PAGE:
Fritz (d62210)

  15. From the L.A. Times:

    California’s death row, with 667 inmates, is the nation’s largest.

    While more than 50 condemned prisoners have died of old age, suicide or prison violence in the last three decades, only 13 have been executed since capital punishment was reinstated in 1978.

    Fritz (d62210)

  16. I think Breyer is related to Alphie.

    daleyrocks (906622)

  17. He’s SCOTUS’s Justice Breyer’s baby brother. Appointed by Billy.

    nk (6e4f93)

  18. I think Crazy Andy studied under Breyer. It explains his incoherent comments. I wonder how many of the jurists who condemned this man to death are still alive. Think about it for a moment.

    We need the swift execution of a death sentence not prolonged appeals. For all the BS about the innocent being executed I’d like to see two examples in the last 20 years of an innocent man being put to deth (deathbed confessions not accepted s an mitigating circumstance).

    Thomas Jackson (bf83e0)

  19. Many, many years ago, Florida’s then governor Martinez put forth the muse that it is cruel and unusual punishment for defense lawyers to take so many years to run out the appeals of the death row inmates. That the full gamut of appeals could be filed in less than a year, permitting the death row inmate to know as soon as possible what his fate would be. The state congress, as much into punishment by delay, (they being lawyers for the most part), as the defense lawyers, would have nothing of this common sense approach to the appeals process. Hence, we the taxpayers are financing the futures of the death row inmates, and the inmates themselves have years and years of constant worry about when their end will come. A truly slow death punishment.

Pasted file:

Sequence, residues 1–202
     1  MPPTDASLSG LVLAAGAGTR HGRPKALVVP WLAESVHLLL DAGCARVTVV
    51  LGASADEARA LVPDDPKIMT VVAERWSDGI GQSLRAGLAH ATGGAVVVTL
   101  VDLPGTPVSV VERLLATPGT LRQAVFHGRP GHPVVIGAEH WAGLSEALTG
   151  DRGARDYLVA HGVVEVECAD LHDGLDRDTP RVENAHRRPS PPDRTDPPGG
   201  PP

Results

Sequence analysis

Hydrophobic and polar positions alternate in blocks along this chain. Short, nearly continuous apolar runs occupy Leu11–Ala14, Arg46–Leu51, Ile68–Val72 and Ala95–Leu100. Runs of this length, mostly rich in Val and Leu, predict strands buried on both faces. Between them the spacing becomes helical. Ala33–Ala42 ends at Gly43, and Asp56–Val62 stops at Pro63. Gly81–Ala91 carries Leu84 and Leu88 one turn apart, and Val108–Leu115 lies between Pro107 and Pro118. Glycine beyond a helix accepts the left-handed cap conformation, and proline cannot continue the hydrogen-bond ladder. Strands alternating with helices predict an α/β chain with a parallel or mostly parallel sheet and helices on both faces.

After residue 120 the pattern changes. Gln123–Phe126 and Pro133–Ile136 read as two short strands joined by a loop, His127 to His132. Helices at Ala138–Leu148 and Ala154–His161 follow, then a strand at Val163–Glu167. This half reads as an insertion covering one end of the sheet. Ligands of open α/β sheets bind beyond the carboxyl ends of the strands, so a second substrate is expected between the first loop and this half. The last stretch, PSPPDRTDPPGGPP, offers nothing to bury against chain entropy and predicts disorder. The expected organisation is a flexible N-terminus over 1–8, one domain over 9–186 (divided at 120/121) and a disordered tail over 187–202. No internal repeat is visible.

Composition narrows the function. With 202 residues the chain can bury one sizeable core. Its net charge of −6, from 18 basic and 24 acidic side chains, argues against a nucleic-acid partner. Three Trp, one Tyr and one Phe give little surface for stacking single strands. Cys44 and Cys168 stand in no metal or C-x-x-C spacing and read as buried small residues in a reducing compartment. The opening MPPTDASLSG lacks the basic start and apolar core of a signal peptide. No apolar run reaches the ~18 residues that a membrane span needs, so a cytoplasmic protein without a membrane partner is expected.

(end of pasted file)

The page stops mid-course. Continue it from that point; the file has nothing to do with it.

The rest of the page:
Frankly Opinionated (e9fc8a)

  20. They should just stop all those stupid appeals and do what they did with the notorios CHARLE STARKWEATHER they did,nt have all those stupid years of rediclous appeals they exicuted him with in a year of his conviction for firs degree murder

    krazy kagu (171210)

Powered by WordPress.

Page loaded in: 0.2576 secs.